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Story Time and Family Dinners Linked to Positive Emotional Health in Kids

Story time and family dinners linked to positive emotional health in kids
Photograph by Getty Images/Fuse

It should come as no surprise to parents that kids need daily routines to thrive. (No matter how hard they may try and fight you on them.) But new research is backing up the particular importance of regular family dinners, telling stories and even singing, after conducting a study on the emotional well-being of preschoolers.

According to Reuters, the study examined the daily routines of 8,500 preschoolers. By its end, each of the above routines were linked to a 47 percent increase in kids having what's known as positive "social-emotional health."

If you're wondering just what that means exactly, it basically boils down to good old-fashioned emotional and social skills. Dr. Elisa Muniz, the lead author of the study, and a pediatrician at the Bronx Lebanon Hospital in New York, told Reuters that these skills "allow children to express their feelings, understand others' emotions and develop and sustain healthy relationships with peers and adults."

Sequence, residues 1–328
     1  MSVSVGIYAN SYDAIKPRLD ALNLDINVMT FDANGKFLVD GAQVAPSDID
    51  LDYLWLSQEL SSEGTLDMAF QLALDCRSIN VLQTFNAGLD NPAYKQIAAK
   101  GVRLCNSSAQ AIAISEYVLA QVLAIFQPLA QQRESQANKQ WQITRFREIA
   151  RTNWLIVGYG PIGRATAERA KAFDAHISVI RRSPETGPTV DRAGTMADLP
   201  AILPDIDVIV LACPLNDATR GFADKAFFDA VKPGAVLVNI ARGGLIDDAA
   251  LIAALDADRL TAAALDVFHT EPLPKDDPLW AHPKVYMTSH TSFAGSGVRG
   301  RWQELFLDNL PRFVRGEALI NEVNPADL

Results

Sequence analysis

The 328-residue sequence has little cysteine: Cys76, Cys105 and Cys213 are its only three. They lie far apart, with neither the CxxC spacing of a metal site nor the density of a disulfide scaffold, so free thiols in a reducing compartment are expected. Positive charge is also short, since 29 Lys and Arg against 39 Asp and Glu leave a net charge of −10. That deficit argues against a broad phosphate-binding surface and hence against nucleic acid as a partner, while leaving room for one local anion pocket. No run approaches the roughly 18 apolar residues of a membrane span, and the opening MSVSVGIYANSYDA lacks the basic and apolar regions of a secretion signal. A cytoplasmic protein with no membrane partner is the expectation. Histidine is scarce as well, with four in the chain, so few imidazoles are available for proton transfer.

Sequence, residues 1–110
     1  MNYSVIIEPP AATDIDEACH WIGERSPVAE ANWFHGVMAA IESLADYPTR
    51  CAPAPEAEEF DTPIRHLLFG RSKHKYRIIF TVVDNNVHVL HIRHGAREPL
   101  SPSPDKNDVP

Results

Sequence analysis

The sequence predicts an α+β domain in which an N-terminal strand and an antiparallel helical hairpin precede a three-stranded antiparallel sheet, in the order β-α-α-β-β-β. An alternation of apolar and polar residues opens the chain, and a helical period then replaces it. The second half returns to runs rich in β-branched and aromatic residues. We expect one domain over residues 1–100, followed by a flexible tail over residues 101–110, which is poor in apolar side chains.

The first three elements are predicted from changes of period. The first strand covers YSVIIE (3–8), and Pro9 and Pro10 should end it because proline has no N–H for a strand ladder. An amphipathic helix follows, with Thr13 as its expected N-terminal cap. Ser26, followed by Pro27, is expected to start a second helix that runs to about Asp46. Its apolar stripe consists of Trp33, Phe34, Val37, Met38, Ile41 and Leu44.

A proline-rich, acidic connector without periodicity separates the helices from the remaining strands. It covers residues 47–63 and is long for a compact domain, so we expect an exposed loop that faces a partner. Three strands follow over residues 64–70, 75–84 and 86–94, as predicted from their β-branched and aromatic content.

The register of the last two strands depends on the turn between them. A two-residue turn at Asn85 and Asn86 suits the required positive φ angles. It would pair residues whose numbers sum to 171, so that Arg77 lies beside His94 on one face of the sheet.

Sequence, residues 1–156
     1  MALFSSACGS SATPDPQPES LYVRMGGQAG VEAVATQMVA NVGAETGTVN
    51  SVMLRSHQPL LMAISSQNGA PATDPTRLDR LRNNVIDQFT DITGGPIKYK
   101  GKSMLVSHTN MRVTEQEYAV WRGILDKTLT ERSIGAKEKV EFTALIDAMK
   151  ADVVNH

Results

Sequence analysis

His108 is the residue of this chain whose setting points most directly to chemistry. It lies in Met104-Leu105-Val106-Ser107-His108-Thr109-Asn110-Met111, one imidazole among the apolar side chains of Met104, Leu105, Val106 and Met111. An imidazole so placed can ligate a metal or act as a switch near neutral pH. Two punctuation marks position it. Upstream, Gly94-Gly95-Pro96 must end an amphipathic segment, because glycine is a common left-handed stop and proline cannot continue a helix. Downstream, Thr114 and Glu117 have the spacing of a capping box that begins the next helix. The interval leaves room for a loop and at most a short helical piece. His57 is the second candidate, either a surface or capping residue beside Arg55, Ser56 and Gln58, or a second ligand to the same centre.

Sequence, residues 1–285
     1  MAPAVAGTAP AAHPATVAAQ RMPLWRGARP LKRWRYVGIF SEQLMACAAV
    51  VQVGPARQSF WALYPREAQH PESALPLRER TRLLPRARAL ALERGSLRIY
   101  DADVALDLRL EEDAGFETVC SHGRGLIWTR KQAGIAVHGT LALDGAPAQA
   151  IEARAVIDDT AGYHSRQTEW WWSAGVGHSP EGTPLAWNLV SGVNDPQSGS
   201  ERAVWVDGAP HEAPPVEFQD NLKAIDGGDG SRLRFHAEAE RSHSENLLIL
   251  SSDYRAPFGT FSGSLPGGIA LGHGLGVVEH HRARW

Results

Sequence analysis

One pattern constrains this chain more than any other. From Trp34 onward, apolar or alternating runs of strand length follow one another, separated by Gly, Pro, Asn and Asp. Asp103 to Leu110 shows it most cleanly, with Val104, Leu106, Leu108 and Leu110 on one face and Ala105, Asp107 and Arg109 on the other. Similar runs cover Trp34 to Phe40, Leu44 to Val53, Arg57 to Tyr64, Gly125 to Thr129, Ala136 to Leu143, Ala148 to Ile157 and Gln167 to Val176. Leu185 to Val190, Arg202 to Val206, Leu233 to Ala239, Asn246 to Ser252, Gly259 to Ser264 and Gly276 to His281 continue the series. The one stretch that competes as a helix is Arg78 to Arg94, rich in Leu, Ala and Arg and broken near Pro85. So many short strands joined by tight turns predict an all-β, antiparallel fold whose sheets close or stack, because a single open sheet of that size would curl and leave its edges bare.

And having strengths in all of those areas has one big payoff (in addition to just being a nice kid): It helps kids thrive in the classroom.

"There is strong scientific evidence that children who possess these abilities to a greater degree are more likely to succeed in school," Muniz said.

But while kids who took part in family routines were more advanced on the social-emotional level, there was one surprising exception these didn't seem to be linked to: reading.

Still, for Dr. Claire McCarthy, a pediatrician at Boston's Children's Hospital, the results of the study are a no-brainer. "When you are happy and secure, you are much more able to learn and interact in healthy ways," she told Reuters. "When (children) are unhappy, insecure, or unsure of their environment, energy goes into dealing with that, and not into learning."

You can read more of the study's findings here in the Journal of Developmental and Behavioral Pediatrics Web site.

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